The Chitrakala Parishath art complex is a landmark on Kumara Krupa road, its distinct stone façade and portico stamping itself on the memory of most visitors. This week however, viewers will be in for a surprise – the entire set of buildings has been swathed in diaphanous white cloth as part of an art project by a student in the college, twenty four year-old Ashray Dravidian, currently pursuing his Bachelor’s Degree in art History at the institution. The ongoing students’ annual show within the galleries seemed an appropriate time for such an experiment.
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This is not the first time that monumental architecture has been ‘covered’ in this fashion for art. Ashray was inspired by the ambitious projects of the Bulgarian born artist Christo Javacheff, who along with creative partner Jeanne-Claude de Guillebon shrouded several public structures and environmental landmarks. They in turn were originally influenced by Vladimir Tatlin’s edict "real materials in real space".
Some well known ones were the ‘Wrapped Kunsthalle’, Bern, Switzerland, 1968; the Museum of Contemporary Art in Chicago in 1969; a mile-long section of the Australian coastline at Little Bay, north of Sydney and the ‘Wrapped Reichstag, Berlin, 1971-95, the famous German government building enveloped in silver fabric. The Javacheff and Jeanne-Claude pair continued to realise projects in different parts of the world but many still remain as plans due to insurmountable problems to do with administration, permissions, and also costs.
The percentage of people in Bangalore who might have witnessed one of Javacheff and Jeanne-Claude’s works is minimal, so it is a huge treat for the public to have the opportunity to view a project right in the city in such large scale.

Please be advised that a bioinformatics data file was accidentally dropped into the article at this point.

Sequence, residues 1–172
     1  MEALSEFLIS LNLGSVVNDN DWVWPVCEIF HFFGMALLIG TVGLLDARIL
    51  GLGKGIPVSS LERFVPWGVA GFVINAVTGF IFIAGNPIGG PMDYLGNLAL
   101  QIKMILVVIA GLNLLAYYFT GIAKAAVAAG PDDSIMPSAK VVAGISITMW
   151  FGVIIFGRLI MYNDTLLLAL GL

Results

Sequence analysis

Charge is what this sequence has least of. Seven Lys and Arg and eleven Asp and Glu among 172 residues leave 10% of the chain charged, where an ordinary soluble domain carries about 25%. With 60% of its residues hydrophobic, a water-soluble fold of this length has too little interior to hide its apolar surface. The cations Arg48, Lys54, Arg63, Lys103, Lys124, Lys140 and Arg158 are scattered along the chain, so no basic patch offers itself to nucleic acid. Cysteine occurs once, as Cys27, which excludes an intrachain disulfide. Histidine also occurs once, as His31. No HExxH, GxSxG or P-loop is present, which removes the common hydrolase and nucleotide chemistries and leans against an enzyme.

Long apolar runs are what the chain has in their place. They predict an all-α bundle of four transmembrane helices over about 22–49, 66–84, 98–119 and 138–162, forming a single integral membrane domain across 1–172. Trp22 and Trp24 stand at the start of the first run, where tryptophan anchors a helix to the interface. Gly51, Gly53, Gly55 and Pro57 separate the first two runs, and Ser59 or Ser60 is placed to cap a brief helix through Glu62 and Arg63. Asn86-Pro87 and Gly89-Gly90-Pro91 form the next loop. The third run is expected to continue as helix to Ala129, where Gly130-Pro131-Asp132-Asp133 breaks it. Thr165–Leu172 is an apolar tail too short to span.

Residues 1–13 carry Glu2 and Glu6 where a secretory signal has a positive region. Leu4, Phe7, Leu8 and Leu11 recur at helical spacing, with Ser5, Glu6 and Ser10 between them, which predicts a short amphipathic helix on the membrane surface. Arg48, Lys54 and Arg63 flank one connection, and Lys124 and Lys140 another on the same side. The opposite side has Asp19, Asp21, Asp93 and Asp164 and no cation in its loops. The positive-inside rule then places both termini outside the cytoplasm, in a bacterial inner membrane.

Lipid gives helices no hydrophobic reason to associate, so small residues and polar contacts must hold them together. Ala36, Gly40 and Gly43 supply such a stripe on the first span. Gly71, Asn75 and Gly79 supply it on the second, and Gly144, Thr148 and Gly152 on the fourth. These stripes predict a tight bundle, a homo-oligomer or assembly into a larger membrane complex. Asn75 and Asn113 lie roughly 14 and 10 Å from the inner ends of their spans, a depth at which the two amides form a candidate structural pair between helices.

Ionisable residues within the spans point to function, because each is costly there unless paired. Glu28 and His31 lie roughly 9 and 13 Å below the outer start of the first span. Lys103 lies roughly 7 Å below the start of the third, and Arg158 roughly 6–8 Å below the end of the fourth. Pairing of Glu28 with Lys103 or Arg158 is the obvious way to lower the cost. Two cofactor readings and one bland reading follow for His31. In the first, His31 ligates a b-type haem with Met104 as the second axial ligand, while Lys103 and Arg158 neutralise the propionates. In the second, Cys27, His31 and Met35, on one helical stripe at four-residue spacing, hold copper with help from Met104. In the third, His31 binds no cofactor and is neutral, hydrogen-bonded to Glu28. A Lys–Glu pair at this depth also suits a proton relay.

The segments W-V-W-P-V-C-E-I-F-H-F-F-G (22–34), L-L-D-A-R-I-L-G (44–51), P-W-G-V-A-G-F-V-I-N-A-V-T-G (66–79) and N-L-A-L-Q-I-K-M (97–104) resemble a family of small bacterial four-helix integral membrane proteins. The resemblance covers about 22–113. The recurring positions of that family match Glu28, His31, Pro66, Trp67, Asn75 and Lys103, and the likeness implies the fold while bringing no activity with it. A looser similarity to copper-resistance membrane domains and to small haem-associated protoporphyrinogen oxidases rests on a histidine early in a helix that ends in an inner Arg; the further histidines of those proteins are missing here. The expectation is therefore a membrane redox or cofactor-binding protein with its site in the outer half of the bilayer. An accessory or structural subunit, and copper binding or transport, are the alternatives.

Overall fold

But why did Dravidian do such a thing? The plan was in his head for three years, and it took the support of the Parishath management, engineer friends, and film-set knowhow to create the right methodology to realise the project. The work for him blends in layers of meaning – in the first place, he is trying to use the cloth as a unifying symbol for all that lies underneath – painting, sculpture, applied art, graphics, art-history departments: all subsumed under this white blanket.
He also explained that it covered the different stages of an artist, in some ways – the hobby artist who attends a workshop in the premises; the amateur who displays work in the galleries; the student who learns the skills of a professional; and the master whose work sits in the Museum, years after he is dead – the workings of the entire art complex under one umbrella.
Dravidian’s prior experience with theatre and film, and his engagement with art history, all had a part to play in the conceptualisation of the project.
For a varied audience, the visual and sensual experience can generate different meanings. Some may recall a magician’s trick, covering the object and making it disappear; others may think of it as a white shroud, encasing that which no longer has life; yet others might be intrigued by the mystery such an act generates; particularly those unfamiliar with the structure’s architectural details. The ballooning material succeeds in softening the sharp corners and the rigid form of the buildings; it takes away its heaviness: conceptually and psychologically.
Most importantly, the cloth provokes thought by its very presence, and that is one of the things we desire from contemporary art practice. ⊕